Visa Tests New Anti-Fraud Card Device, But What About The Data Leaks?

from the finger-in-the-dike dept

Visa is testing a new type of credit card that's got additional security measures built in as a means of cutting down on "card not present" (CNP) fraud -- the fraudulent sales rung up using stolen credit-card numbers and the security codes that are normally printed on the cards. Visa's new cards have a small screen on the back that displays a six-digit code when the cardholder enters a PIN on the card's keypad, making it sound like Visa has basically built in a tiny version of something akin to the SecurID, a popular two-factor authentication device for corporate computer networks. The devices generate an additional one-time password using an algorithm synced with the system on the other end; the user enters this password when they attempt to log on, or in Visa's case, make a CNP transaction. If the passwords match, the transaction goes ahead. It sounds like a good way to cut down on CNP fraud, but is it just a way to try and gloss over the massive data leaks that see millions of credit-card numbers lost out into the world? It almost seems that if these new anti-fraud cards make it to market, the party line will be "the data leaks don't matter anymore" -- but criminals will still be able to obtain credit-card numbers and make fake cards with the stolen info (for card-present fraud). It might make criminals' lives a little more difficult, but it won't make credit-card fraud impossible. Raising the level of security on credit cards is, without question, a good thing. But unless it involves doing more to stop massive data leaks, it's not enough.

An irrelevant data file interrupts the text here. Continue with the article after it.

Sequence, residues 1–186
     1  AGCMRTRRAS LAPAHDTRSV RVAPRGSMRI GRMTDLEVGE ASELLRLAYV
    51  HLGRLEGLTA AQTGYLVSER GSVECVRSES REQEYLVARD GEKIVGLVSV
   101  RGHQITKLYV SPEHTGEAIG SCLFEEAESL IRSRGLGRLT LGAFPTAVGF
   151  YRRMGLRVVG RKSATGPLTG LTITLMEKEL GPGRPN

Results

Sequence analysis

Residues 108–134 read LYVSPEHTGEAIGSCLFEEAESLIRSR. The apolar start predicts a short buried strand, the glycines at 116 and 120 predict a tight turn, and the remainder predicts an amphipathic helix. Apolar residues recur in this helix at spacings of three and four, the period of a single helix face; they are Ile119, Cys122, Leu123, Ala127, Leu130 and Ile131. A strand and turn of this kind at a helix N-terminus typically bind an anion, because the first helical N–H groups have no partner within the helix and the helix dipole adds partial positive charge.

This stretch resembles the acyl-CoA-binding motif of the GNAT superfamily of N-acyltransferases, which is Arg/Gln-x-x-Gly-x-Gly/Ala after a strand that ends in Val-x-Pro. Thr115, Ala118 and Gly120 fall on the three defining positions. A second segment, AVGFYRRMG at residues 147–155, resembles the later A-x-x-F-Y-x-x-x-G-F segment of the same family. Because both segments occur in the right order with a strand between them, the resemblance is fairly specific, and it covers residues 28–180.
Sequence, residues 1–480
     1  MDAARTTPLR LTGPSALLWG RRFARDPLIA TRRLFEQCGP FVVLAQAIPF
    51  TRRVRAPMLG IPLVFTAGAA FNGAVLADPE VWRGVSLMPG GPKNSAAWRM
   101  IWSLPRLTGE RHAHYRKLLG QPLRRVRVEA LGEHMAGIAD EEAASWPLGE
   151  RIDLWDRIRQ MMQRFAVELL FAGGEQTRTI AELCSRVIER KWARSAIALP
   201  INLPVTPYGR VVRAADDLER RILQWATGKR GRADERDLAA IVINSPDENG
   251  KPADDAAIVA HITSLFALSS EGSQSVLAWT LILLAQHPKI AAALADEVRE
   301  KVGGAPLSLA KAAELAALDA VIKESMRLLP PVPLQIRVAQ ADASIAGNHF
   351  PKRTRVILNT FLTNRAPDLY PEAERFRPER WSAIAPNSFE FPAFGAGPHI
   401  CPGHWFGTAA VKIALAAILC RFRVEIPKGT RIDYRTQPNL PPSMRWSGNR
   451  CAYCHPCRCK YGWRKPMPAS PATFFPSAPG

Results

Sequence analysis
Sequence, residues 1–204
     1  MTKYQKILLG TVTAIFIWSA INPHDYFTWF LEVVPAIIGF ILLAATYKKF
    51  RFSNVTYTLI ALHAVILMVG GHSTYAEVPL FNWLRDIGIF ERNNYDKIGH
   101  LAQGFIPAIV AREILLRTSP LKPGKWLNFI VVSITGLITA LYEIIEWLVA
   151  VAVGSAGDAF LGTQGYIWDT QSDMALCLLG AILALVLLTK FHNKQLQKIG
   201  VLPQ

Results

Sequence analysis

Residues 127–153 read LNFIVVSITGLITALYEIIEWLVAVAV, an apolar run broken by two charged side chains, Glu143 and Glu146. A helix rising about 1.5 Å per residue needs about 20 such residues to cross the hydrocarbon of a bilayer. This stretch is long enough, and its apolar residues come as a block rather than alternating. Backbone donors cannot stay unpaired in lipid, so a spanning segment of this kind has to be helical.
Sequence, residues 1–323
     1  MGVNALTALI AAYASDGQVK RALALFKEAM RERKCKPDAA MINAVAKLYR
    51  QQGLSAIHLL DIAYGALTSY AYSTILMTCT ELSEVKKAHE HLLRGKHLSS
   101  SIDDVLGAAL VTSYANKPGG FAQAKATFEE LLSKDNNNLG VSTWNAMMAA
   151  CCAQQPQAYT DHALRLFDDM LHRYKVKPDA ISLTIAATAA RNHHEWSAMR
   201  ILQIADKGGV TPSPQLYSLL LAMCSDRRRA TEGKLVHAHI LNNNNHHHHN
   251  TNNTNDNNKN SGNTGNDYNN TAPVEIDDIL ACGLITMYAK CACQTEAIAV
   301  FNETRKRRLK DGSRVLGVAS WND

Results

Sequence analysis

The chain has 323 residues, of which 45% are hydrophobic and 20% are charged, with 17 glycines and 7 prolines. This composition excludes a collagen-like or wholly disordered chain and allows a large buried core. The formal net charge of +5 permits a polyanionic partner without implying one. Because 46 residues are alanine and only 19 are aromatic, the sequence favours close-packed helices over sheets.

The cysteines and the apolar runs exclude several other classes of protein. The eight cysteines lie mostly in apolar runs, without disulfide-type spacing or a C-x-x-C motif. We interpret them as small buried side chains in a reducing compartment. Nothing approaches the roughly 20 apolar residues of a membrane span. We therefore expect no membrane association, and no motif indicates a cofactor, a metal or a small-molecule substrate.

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Filed Under: anti-fraud, credit cards, fraud
Companies: visa


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  1. identicon
    Dolphineus, 15 May 2009 @ 6:11am

    Every processor that accepts Visa will have to change their system to accommodate this. If I am shopping at an online store who uses a credit card processor who has not updated, will I still be able to use this card?

    How durable is the card? How easy is it to kill the pin pad or LCD window? How does it hold up to the abuse cards take in the real world? Heat? Cold? Bending? Magnetic or electronic interference?

    Who eats the cost of replacing these things?

    I'm not aware of any SecurID type system being hacked, but there has never been this much MONEY available for hacking them. How long will it be until this too is compromised (most likely by some website/online processor being hacked)?

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